"It's been challenging at times," she said. "This is a very demanding job."
But Tazzari persisted and earned a 4.0 grade-point average, qualifying for Alpha Sigma Lambda, a national honor society for continuing education students. Her family cheered her on as she walked across the stage at Simpson University to receive her diploma.
The success she's had in this challenge is inspiring her to think further – possibly about earning a master's degree.
"I feel that earning my degree really helped with my career and my future," she said.
Rafael Ortiz, class of 2016, organizational leadership (online)
Orland resident Rafael Ortiz moved to the U.S. from Mexico when he was a teenager. The son of migrant workers, he became the first member of his family to graduate from college on Jan. 21, when he received a bachelor’s degree in organizational leadership from Simpson University’s School of Adult and Graduate Professional Studies, ASPIRE program, during the university’s winter commencement ceremony.
Ortiz, 41, attended Butte College in Oroville, Calif., in 1993, where he earned an associate’s degree in social and behavioral science. He put off furthering his education in order to work.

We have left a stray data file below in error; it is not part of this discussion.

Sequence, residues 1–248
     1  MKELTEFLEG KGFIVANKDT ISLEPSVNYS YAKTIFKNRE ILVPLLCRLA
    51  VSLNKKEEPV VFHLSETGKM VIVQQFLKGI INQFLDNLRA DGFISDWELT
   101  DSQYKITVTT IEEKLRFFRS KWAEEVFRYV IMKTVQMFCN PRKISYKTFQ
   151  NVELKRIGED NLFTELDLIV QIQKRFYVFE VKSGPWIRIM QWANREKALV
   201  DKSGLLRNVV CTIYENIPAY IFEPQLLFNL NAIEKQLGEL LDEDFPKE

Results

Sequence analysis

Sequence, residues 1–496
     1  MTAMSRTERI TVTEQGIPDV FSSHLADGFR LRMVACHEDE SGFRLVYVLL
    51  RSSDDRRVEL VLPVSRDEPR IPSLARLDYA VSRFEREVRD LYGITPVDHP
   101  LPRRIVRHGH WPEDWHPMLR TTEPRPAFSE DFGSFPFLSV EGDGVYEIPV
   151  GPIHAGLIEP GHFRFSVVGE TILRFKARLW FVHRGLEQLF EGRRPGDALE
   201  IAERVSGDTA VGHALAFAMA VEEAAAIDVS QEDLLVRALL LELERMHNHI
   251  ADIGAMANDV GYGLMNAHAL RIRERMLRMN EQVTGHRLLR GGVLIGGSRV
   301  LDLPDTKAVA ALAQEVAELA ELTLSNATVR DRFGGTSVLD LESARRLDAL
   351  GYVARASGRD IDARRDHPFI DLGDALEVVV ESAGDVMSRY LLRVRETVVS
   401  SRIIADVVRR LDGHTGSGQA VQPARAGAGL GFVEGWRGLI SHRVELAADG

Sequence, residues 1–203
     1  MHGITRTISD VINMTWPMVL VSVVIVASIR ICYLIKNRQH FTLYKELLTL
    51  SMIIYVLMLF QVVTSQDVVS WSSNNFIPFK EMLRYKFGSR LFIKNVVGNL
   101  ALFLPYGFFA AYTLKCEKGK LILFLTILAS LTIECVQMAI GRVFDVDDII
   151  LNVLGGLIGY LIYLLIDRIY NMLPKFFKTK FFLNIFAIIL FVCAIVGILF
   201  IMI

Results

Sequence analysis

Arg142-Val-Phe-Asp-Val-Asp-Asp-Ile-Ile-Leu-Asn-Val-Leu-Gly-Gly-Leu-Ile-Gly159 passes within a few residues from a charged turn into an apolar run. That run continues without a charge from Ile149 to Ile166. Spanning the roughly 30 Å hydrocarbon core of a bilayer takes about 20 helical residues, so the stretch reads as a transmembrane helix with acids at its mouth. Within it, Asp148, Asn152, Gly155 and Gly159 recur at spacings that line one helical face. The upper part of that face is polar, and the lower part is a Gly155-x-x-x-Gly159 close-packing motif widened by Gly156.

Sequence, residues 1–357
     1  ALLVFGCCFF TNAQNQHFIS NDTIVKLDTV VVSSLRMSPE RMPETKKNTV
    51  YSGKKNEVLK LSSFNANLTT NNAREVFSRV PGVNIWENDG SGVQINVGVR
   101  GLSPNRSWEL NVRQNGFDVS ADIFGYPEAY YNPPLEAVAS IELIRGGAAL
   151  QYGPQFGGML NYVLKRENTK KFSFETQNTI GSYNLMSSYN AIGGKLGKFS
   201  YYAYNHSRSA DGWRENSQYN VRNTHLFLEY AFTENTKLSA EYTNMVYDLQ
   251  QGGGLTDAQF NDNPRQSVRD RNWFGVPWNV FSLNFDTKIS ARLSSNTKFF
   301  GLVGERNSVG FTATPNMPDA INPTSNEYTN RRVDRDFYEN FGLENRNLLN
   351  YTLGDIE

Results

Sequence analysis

Ortiz heard about Simpson’s ASPIRE program from a co-worker, and after researching the program and talking to an admissions counselor, he decided it was the right fit.
“It felt like the ASPIRE program was truly designed for someone like me,” he said. “I have a family, and I was already in a leadership role. All I had to do was further my education by attending the program.”
He chose to major in organizational leadership because it would advance his career in logistics, at one of the world’s largest retailers, where he has worked for more than 20 years. While he was still taking classes, he was promoted to an operational manager within the company.
“I looked at the curriculum and felt that I could benefit from the classes that the program offered,” he said. “I also felt that I lacked so many of the skills that the program described, including how to be an effective leader.”